Economically speaking, class conditions relate to property and employment status that define them but British society has a richer and more diverse culture that cannot simply be categorized as the privileged and the peasant classes at it once were. With technological advances came the rise of the post-industrial worker and as time goes on, the lines separating the upper-crust and the underclass get considerably murkier. The categorizing of people according to their status within society is as old as mankind itself. The study of the class had been viewed as the means in comprehending the structure of social society. Analyzing class has become a characteristic of much sociological debate. Leading class theorists including Marxist, Weberian, and functionalist thought assembled many complex approaches to class analysis near the turn of the 20th century. In today’s industrial society, such as Britain, the system of social structure is adaptable. People can more easily ascend the social ladder than in the past. Modern theorists have attempted to explain what constitutes a particular social class and whether it is the type of neighborhood one lives, their career, ethnicity, or income that defines to which class they belong. Although there is no specific definition of class as in say, India where there is a caste system, social differentiation does indeed exist.
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Class is a matter of social perspectives. Position in the hierarchy is determined by personal merit and personal wealth. Research on class awareness shows that people’s immediate financial situation influences their current perceptions of inequality. Other research has demonstrated that people’s attitudes to class variances seldom compare with one’s material possessions (Runciman 1966). When examining social divisions, many facets of social life must be factored in such as personal value ideals and an individual’s philosophies regarding “income, wealth, status, political power, health, education, employment opportunities, housing and freedom within societies, and across nations and over time, particularly along the lines of class, gender and race” (Grusky 2001). A defect in class perception studies is that “researchers have failed to explore the full sources of the social imagery that influences people’s perceptions of inequality” (Marshall 1983). Perception is the key to how a person views the status of another. Those that view society as something everyone should fit into having a more fixed viewpoint of the class than the average person (Reid, 1998).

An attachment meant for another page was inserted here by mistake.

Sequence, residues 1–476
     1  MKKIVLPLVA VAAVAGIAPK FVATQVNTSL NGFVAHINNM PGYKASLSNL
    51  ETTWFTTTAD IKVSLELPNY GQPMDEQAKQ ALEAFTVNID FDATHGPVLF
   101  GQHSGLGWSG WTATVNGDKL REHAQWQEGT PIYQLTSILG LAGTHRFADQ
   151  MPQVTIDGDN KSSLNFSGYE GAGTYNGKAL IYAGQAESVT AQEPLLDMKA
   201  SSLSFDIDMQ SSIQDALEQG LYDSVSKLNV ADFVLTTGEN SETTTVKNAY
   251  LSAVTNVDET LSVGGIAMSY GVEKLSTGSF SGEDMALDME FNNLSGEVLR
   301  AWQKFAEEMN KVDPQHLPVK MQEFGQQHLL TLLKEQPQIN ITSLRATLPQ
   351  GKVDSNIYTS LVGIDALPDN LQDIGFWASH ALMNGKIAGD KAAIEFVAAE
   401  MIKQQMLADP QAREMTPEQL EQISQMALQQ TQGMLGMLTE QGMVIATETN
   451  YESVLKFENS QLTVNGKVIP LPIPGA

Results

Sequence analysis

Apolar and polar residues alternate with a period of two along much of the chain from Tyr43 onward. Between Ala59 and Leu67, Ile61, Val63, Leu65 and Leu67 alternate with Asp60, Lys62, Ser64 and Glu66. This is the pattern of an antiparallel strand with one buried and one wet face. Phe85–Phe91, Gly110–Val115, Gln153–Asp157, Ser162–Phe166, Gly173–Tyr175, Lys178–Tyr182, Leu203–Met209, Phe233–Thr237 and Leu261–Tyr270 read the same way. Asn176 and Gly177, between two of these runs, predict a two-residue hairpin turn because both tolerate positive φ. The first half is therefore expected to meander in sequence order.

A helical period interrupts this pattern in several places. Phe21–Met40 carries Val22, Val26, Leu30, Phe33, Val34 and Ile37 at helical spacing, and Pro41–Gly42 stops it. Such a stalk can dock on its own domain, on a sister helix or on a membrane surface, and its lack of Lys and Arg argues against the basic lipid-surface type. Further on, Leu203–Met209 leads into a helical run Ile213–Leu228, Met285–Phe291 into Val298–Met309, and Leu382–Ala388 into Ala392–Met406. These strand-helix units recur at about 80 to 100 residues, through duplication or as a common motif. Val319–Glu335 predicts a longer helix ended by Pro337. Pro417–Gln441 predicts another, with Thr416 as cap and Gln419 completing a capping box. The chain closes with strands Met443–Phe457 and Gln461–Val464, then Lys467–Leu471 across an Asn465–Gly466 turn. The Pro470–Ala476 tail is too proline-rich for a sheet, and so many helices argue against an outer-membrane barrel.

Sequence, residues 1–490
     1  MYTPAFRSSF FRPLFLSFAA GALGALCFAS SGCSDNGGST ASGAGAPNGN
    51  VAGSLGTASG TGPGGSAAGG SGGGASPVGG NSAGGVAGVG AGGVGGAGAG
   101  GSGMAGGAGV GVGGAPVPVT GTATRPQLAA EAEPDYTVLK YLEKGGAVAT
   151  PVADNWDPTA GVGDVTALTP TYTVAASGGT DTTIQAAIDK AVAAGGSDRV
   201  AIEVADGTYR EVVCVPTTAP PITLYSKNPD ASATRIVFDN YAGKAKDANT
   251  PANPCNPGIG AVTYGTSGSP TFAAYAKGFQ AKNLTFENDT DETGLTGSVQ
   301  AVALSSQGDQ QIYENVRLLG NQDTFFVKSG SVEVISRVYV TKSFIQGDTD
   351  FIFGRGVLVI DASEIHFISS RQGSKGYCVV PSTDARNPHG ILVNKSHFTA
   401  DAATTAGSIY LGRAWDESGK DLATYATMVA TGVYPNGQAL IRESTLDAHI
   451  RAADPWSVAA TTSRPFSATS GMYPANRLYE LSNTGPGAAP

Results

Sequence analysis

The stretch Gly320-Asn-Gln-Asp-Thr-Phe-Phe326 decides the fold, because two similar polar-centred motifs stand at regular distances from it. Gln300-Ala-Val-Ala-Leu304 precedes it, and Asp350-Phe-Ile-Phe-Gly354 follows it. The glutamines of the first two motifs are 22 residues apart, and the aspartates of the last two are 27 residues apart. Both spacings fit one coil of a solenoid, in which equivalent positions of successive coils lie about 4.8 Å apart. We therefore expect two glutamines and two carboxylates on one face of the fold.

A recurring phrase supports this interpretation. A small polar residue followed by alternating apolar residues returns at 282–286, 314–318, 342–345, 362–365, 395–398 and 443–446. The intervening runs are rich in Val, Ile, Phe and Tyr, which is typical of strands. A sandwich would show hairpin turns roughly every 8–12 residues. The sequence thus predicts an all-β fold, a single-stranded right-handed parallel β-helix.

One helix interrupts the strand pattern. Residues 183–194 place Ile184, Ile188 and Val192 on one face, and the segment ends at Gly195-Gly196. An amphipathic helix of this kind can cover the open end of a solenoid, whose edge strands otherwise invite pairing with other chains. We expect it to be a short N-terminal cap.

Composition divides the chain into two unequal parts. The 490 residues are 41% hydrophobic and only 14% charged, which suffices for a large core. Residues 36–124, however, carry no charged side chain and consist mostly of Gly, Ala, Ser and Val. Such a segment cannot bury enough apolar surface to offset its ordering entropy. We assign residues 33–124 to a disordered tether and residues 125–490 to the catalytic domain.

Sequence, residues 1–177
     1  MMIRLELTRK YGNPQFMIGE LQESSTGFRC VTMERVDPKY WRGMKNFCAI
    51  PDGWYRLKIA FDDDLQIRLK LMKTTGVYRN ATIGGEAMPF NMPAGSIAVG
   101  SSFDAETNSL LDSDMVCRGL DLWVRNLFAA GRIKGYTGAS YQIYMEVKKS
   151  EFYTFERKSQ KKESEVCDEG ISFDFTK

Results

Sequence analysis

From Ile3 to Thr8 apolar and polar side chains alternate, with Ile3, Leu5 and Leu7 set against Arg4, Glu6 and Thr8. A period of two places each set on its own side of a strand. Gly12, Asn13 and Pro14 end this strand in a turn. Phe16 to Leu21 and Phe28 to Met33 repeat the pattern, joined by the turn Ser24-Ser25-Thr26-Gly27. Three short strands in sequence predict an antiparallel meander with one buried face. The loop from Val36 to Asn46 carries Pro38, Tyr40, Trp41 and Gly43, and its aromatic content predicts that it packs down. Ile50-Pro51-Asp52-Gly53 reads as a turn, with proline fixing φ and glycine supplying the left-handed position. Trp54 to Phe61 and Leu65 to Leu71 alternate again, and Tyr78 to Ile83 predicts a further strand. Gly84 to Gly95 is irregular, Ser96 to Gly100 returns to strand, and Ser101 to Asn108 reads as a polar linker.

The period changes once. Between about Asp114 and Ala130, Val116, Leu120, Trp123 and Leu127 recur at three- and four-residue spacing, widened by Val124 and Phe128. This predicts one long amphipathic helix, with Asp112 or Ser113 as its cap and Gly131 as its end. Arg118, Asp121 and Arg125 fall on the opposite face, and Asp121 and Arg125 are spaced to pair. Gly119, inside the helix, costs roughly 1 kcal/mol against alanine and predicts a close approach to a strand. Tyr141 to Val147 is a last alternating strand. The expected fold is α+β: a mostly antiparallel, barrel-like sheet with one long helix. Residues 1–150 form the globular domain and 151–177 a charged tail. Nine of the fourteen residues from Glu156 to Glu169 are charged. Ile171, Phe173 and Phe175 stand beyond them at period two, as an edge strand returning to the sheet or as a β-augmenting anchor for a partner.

Sociologists are forced to reconsider the relevance of class in present-day Britain and all industrialized countries. Class analysis is not the same nor provides a comprehensive base for social analysis on the whole but is an interesting and mobile debate as to the way different points of view interpret class designations. It is much involved in the analysis of class theories. Social classification theories are but one way to enhance the perceptions of social division and social identity. Class relations are far less defined than 200 years ago but still exist in a far more complex way as there are many steps in between each social rung and many differing attitudes regarding class structures. The study of class structures helps to evolve to what extent particular imagery of class is perceived and whether it molds the future awareness of present class perceptions. Marxists view inequality as inevitable because of conflict inherent to the industrialized, capitalistic system. Social inequality will only be leveled when the blue-collar and underclass revolt replacing individual ownership with collective ownership of production facilities. (Swift 2000).
Class divisions persevere as a vital structural characteristic of modern human culture, influencing an individual’s life chances. The discussion of class division is integrated amongst various facets of social divisions. Theorists can hardly claim to possess a full, descriptive analysis of class distinctions and attitudes relating to the subject. Conversely, the social consequences of class identifications should not be denied.
- Grusky, D. (ed.) (2001). Social Stratification: Class, Race, Gender in Sociological Perspective. Boulder, CO: Westview Press.
- Marshall, G. (1983). “Some Remarks on the Study of Working-class Consciousness.” Politics and Society. Vol. 12, pp. 263–301.
- Reid, I. (1998). Class in Britain. Cambridge: Polity Press.
- Runciman, W. (1966). Relative Deprivation and Social Justice. Berkeley: University of California Press.
- Swift, A. (2000). “Class Analysis from a Normative Perspective.” British Journal of Sociology. Vol. 51, pp. 663–79.